Shuttle Endeavour makes final stop at Edwards AFB

CBS News

The shuttle Endeavour, on its way to retirement at a Los Angeles science museum, flew from Houston to California atop a 747 jumbo jet Thursday, dropping down for low-altitude passes over communities along the way, including Tucson, home of Gabrielle Giffords and husband Mark Kelly, Endeavour's last commander, before pressing on to a picture-perfect landing at Edwards Air Force Base.

Shuttle Endeavour, approaching Edwards Air Force Base, Calif. (Credit: NASA TV)
The specially modified 747 and its 78-ton payload made a low pass over the fabled flight test center, about 100 miles north of Los Angeles, to give Air Force personnel, families and tourists a chance to see the orbiter in flight before swooping to a tire-smoking touchdown at 3:51p.m. EDT (GMT-4).

Endeavour and its carrier jet land at Edwards. (Credit: Z. Pearlman)
Early Friday, the shuttle will take to the air for the final time, carried north for low-altitude passes over San Francisco, NASA's Ames Research Center and Sacramento before heading south to Los Angeles, flying over NASA's Jet Propulsion Laboratory in Pasadena, the iconic Griffith Observatory and the downtown area before landing at Los Angeles International Airport around 2 p.m. EDT (11 a.m. PDT).

Endeavour will be removed from its 747 carrier jet by two cranes and temporarily stored in a United Airlines Hangar at LAX. In mid October, the orbiter, mounted atop a specialized transporter, will be hauled 12 miles along city streets to the California Science Center near the Los Angeles Coliseum where it will go on display.

Endeavour's three-day cross-country valedictory tour began Wednesday at the Kennedy Space Center. After giving local residents and space workers a final chance to see the orbiter, the 747 flew west and made low-altitude passes over NASA's Stennis Space Center near Bay St. Louis, Miss., and Lockheed Martin's Michoud Assembly Facility on the east side of New Orleans, where the shuttle's external fuel tanks were built.

From there, the shuttle carrier aircraft flew on to Houston, flying over the city and then the Johnson Space Center before landing at Ellington Field, just a few miles from mission control. More than 200,000 spectators showed up over the course of the day to get a last glimpse of Endeavour.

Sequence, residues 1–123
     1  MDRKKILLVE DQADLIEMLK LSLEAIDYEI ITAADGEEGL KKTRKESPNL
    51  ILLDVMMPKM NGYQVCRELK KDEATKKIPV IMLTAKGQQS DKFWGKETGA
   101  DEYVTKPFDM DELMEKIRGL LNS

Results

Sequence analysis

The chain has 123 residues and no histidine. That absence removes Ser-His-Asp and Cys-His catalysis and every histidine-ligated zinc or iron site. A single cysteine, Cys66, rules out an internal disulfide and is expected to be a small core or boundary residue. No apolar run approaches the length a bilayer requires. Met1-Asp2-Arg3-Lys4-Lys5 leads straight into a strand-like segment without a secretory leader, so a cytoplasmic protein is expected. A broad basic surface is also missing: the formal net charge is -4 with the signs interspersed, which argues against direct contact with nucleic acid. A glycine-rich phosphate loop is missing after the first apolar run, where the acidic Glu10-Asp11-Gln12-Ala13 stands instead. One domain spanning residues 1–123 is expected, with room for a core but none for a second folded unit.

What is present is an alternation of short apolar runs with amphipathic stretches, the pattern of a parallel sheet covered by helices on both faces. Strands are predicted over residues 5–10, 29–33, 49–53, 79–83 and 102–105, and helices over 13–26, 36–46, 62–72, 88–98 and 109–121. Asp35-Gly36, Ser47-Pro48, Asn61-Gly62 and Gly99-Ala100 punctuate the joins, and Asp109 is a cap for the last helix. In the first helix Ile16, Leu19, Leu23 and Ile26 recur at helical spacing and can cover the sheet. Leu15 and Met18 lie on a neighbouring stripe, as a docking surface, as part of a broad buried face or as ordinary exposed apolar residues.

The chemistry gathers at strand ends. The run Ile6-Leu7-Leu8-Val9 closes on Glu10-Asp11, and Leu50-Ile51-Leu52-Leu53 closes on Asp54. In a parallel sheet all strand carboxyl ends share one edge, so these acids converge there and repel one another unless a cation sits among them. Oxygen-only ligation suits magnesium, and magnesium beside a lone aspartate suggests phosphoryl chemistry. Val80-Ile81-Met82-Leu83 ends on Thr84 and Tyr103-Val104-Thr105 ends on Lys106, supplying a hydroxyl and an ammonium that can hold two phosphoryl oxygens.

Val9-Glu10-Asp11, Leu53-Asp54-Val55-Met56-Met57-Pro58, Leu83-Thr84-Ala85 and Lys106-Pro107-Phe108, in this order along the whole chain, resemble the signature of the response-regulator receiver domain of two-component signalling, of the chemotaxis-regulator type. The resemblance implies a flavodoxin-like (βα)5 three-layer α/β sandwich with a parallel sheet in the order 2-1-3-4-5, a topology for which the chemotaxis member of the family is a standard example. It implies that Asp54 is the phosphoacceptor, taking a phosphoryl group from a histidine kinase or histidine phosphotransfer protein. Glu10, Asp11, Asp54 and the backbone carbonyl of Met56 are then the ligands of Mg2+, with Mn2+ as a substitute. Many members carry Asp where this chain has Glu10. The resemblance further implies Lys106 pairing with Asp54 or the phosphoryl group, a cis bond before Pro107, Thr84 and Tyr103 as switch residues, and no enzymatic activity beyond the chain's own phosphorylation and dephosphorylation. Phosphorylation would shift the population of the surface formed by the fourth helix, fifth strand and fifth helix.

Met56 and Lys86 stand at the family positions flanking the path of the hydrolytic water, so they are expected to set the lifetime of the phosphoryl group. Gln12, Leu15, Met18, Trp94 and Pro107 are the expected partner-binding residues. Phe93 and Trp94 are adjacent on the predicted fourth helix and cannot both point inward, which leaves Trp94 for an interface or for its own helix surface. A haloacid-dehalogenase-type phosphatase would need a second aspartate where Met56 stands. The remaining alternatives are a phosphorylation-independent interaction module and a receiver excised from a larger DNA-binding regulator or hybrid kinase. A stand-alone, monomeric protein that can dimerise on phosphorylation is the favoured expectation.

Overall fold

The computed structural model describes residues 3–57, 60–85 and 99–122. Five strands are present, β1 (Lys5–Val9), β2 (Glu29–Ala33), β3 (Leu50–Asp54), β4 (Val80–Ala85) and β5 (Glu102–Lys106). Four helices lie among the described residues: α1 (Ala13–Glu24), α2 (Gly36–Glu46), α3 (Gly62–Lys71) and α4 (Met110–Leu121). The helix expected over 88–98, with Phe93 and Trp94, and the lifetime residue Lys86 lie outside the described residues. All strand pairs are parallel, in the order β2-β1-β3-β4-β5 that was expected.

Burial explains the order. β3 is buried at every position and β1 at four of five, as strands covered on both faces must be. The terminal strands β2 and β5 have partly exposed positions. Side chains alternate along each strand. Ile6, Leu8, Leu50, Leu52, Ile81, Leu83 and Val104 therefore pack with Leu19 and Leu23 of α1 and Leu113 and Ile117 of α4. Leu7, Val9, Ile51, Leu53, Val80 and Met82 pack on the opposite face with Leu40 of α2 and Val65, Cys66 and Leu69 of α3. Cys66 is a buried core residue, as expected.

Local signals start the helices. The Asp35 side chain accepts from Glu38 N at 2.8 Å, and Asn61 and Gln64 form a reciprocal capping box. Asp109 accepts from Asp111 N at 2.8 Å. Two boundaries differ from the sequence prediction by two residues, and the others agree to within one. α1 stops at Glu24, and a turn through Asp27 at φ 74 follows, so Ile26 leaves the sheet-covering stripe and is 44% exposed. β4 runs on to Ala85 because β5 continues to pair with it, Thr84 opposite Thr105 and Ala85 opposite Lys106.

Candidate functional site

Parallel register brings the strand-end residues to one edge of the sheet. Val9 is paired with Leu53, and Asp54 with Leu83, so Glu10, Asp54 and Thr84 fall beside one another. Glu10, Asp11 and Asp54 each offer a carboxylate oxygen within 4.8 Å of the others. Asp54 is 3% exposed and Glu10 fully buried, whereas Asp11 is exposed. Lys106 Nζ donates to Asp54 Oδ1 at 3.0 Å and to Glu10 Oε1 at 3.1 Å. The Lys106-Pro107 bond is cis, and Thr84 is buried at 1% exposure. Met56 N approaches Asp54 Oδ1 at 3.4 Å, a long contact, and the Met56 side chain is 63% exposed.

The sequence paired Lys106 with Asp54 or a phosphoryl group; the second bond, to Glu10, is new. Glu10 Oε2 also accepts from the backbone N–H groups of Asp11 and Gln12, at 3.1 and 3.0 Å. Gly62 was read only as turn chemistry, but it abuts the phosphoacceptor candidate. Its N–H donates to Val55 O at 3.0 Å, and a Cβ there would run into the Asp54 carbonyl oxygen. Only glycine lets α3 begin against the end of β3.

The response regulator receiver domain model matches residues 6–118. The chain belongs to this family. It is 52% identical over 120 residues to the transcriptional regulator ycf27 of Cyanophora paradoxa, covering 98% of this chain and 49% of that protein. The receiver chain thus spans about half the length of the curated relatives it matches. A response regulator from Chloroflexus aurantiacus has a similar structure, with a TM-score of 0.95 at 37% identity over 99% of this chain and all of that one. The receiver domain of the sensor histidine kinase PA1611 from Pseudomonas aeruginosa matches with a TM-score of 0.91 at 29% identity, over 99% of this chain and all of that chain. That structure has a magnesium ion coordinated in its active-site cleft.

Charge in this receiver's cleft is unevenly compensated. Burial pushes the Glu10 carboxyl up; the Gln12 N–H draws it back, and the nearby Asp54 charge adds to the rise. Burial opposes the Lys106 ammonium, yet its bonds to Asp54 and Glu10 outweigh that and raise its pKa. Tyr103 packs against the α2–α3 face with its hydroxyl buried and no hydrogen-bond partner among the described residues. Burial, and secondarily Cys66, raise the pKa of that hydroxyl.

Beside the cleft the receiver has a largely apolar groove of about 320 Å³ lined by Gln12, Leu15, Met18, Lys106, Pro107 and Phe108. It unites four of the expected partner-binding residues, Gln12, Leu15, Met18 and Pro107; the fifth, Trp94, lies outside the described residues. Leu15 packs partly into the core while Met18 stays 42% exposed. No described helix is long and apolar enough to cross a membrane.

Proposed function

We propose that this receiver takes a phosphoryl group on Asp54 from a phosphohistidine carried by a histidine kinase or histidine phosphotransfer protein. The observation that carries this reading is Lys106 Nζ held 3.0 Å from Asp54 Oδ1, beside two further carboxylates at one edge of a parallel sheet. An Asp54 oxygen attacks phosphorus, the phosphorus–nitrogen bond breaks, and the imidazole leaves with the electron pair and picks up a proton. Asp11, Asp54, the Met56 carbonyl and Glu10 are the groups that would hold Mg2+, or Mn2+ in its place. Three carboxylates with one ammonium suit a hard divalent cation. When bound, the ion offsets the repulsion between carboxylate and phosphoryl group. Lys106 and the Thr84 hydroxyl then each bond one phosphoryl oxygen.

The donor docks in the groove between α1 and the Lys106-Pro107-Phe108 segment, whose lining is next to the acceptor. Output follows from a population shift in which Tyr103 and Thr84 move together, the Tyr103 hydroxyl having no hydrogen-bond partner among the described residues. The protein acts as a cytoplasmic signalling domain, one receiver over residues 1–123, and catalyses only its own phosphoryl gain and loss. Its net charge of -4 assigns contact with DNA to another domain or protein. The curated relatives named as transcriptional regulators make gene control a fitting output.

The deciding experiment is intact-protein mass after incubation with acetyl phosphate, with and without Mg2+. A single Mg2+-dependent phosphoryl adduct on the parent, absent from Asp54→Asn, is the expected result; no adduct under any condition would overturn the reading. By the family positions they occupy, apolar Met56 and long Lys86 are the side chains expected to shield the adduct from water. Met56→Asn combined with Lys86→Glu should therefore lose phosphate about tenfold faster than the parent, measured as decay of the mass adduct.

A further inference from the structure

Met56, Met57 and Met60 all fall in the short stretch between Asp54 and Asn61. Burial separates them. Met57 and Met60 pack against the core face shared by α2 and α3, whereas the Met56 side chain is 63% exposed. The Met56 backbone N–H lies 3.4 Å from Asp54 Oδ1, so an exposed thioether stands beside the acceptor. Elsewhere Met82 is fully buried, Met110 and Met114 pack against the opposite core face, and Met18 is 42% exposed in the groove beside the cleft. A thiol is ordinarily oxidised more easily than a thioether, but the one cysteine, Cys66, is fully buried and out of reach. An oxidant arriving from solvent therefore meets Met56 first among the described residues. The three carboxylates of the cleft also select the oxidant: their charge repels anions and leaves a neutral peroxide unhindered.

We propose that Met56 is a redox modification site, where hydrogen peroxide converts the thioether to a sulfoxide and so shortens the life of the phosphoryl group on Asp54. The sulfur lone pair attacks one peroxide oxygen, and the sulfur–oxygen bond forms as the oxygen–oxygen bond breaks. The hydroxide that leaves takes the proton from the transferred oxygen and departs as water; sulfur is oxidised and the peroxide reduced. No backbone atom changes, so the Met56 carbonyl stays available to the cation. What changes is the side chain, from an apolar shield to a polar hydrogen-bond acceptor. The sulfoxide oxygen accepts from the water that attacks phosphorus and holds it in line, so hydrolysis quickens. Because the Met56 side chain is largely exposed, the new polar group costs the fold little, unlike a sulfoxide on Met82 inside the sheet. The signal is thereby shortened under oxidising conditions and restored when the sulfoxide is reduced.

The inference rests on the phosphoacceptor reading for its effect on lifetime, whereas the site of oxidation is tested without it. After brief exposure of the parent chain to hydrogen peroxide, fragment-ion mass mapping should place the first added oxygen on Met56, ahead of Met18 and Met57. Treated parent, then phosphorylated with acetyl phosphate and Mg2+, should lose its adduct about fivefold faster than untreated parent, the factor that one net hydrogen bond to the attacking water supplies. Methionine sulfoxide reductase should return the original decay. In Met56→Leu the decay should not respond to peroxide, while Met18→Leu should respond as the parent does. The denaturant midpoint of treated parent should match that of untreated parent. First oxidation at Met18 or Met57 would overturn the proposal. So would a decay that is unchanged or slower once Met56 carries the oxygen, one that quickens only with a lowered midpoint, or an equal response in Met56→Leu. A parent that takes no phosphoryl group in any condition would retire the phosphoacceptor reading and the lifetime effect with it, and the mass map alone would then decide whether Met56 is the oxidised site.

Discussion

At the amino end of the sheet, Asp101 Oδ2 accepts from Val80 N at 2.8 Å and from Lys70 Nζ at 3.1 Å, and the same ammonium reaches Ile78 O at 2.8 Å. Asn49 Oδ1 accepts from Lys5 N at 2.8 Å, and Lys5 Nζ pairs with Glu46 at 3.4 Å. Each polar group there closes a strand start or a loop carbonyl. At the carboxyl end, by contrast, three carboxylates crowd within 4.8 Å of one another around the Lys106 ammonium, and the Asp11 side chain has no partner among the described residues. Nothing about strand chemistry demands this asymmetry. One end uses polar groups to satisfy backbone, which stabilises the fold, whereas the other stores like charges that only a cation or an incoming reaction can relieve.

Early Thursday, the 747 took off and continued its westerly tour, flying over Austin, Texas, and refueling in El Paso before flying on to the White Sands Test Facility near Las Cruces, N.M., and then over Tucson.

NASA did not originally announce a Tucson fly over, but during a NASA television broadcast Wednesday, Kelly half-jokingly told the commentator in a phone call to "tell the pilots when they land it would be great if they could fly over Tucson so Gabby and I could see Endeavour. It's on the way to LA, I don't even think they have to go out of the way."

The retired astronaut, who commanded Endeavour on its final flight in May 2011, got his wish. The Associated Press reported that Kelly and Giffords watched the flyby from the roof of a University of Arizona parking garage and that the former Arizona representative was "elated" at the sight.

Friday's trip to Los Angeles will be the last time a space shuttle flies. The veteran shuttle Discovery was flown to Washington earlier this year, joining the Smithsonian Institution's collection at the Steven F. Udvar-Hazy Center at Dulles International Airport. The prototype shuttle Enterprise was flown to New York, where it is now on display at the Intrepid Sea, Air & Space Museum.

NASA's lone remaining shuttle, the Atlantis, will stay at the Kennedy Space Center, housed in a $100 million facility now under construction at the privately operated Visitor Complex.